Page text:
Scientists have for the first time used satellite data to detect a major offshore leak of the potent greenhouse gas methane, according to peer-reviewed research.

The findings add a crucial tool to an expanding space-based arsenal for pinpointing previously invisible methane plumes from the oil and gas industry.

Fossil fuel operations globally emitted about 120 million tonnes of the planet-warming gas in 2020, nearly one-third of all methane emissions from human activity, according to the International Energy Agency (IEA).

The new study in the journal Environmental Science and Technology Letters identified a plume from an oil and gas production platform in the Gulf of Mexico that spewed some 40,000 tonnes over a 17-day period in December.

The platform, near Campeche in southern Mexico, is in one of the country’s biggest oil producing fields.

Satellite-based methods for spotting methane leaks over land have developed rapidly in the last few years, training an uncomfortable spotlight on regulators and industry. But equivalent techniques have been lacking for leaks from offshore oil and gas operations, which account for about 30 percent of global production.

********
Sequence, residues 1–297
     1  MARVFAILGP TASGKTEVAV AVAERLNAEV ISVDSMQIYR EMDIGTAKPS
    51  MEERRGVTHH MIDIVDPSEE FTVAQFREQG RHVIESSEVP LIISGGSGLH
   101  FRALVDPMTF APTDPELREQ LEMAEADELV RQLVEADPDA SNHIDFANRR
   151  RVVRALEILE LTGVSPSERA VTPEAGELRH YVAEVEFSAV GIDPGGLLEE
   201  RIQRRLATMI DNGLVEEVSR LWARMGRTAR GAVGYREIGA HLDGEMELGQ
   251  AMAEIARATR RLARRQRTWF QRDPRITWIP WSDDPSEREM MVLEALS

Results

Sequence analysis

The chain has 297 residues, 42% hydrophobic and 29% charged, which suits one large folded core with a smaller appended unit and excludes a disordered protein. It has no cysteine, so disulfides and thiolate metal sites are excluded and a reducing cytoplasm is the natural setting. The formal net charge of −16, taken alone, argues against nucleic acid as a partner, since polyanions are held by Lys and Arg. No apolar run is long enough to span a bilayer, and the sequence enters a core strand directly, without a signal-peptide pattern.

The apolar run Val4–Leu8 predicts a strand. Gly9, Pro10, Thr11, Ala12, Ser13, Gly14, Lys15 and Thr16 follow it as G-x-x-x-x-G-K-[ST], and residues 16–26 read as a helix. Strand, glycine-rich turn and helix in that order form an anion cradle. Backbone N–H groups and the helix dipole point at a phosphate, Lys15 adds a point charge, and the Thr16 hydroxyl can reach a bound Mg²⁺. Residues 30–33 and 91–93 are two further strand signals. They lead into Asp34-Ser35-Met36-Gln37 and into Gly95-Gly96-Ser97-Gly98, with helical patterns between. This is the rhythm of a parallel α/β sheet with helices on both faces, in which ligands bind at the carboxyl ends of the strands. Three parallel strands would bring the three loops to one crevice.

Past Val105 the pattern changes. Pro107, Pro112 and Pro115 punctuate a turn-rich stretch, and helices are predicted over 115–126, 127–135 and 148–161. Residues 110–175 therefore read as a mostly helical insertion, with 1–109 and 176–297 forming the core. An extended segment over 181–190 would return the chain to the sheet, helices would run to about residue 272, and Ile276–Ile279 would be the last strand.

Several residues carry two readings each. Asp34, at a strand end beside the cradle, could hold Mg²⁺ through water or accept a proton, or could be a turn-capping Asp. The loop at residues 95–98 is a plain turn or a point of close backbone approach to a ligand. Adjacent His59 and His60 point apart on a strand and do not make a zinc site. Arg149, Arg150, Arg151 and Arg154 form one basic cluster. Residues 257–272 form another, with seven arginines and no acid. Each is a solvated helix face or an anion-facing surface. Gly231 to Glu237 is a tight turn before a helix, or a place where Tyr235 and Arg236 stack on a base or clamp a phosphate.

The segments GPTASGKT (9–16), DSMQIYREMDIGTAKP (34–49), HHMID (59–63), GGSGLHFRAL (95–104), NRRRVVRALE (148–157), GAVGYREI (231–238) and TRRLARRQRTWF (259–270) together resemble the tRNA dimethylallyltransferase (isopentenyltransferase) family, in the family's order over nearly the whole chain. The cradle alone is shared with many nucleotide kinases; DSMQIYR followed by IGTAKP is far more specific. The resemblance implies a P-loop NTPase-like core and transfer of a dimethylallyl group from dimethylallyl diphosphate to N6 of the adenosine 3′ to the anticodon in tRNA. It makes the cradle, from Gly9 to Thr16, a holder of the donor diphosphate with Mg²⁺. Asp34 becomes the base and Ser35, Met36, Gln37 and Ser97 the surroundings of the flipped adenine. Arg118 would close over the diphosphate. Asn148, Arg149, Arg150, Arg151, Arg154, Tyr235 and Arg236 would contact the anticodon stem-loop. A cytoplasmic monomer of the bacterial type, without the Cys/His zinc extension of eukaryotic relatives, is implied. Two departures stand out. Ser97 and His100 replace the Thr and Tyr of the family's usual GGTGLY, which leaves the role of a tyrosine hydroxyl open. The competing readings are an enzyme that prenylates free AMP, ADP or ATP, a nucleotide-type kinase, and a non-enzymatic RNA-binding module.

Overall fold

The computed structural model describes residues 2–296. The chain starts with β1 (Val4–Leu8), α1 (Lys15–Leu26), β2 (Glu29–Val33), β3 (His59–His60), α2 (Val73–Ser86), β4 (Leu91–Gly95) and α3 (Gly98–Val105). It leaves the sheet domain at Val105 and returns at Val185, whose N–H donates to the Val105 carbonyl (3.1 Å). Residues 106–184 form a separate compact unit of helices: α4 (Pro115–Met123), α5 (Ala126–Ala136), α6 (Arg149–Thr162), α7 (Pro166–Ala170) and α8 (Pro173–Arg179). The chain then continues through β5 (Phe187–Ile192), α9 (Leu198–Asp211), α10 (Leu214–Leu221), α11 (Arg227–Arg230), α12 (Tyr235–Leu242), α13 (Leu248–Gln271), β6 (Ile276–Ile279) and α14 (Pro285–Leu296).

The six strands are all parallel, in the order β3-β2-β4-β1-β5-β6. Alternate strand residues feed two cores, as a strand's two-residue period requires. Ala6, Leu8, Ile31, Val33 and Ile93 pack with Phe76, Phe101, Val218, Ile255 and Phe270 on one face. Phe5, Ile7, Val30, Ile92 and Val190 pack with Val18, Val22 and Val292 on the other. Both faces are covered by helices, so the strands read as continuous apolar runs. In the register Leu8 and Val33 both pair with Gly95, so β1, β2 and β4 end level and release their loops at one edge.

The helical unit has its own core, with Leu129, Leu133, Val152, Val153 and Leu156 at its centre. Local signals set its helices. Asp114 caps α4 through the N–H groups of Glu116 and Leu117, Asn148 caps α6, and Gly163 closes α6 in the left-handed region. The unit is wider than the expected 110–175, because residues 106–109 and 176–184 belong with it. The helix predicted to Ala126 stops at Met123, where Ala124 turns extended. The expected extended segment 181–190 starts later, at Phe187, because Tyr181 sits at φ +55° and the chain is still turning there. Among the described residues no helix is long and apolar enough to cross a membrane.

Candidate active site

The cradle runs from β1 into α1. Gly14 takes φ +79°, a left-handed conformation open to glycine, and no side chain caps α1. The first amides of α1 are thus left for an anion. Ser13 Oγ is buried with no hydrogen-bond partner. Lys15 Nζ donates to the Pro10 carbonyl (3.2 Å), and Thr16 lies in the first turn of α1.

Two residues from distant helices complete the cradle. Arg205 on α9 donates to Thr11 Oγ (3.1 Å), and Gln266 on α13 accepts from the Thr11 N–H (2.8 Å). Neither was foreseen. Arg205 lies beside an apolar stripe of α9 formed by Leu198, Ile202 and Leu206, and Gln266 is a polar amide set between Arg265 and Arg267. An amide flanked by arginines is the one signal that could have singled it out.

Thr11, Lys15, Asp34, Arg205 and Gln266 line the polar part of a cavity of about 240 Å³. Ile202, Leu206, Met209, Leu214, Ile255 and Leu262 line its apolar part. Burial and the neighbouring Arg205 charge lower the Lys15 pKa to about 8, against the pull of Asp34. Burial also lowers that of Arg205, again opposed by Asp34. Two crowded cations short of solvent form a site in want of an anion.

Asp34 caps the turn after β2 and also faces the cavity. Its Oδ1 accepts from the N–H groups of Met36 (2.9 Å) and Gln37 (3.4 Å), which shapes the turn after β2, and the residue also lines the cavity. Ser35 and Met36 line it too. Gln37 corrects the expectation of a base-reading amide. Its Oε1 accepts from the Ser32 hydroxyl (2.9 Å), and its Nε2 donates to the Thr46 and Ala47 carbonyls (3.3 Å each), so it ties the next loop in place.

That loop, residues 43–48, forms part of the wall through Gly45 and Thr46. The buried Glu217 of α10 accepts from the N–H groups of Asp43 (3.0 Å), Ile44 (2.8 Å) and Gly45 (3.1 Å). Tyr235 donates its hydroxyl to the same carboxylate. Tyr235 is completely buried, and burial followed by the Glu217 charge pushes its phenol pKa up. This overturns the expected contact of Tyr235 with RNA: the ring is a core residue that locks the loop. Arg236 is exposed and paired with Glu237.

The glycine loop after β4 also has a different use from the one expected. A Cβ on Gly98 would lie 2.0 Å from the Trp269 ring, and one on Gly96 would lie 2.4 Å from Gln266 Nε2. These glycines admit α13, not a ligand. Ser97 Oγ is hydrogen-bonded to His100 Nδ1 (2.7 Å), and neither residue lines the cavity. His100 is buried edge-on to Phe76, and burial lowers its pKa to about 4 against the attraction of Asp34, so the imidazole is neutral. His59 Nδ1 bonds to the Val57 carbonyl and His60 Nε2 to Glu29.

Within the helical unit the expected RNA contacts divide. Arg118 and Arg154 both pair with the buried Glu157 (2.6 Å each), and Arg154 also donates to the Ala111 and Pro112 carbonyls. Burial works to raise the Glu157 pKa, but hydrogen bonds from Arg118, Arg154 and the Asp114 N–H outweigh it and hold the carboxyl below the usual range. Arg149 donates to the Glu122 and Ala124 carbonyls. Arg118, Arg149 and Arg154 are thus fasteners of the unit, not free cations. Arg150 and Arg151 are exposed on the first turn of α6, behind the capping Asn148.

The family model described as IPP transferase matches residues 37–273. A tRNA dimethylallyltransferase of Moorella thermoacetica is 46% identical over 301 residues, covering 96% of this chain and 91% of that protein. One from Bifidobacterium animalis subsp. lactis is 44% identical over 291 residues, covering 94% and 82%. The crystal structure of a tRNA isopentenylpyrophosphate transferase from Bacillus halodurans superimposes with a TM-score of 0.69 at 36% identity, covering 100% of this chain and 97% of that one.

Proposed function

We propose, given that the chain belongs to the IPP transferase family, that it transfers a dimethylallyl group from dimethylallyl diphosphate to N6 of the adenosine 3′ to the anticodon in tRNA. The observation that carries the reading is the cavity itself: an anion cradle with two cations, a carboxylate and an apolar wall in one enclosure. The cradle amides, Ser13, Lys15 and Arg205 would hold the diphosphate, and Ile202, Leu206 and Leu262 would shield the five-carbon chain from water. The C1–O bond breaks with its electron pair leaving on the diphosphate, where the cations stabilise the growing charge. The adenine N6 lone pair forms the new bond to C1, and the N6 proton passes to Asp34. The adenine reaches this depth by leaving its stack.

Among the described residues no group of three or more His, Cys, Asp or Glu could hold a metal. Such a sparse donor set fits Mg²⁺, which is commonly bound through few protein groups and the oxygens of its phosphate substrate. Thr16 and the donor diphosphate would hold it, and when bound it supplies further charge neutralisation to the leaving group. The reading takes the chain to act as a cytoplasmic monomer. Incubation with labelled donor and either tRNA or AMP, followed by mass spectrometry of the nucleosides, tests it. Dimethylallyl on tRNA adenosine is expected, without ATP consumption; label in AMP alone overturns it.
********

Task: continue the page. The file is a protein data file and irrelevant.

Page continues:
Methane is responsible for roughly 30 percent of the global rise in temperatures to date. While far less abundant in the atmosphere than CO2, it is about 28 times more powerful as a greenhouse gas on a century-long timescale. Over a 20-year time frame, it is 80 times more potent.

Methane lingers in the atmosphere for only a decade, compared to hundreds or thousands of years for CO2.

This means a sharp reduction in emissions could shave several tenths of a degree Celsius off of projected global warming by mid-century, helping keep alive the Paris Agreement goal of capping Earth’s average temperature increase to 1.5C, according to the UN Environment Programme (UNEP).

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By Peter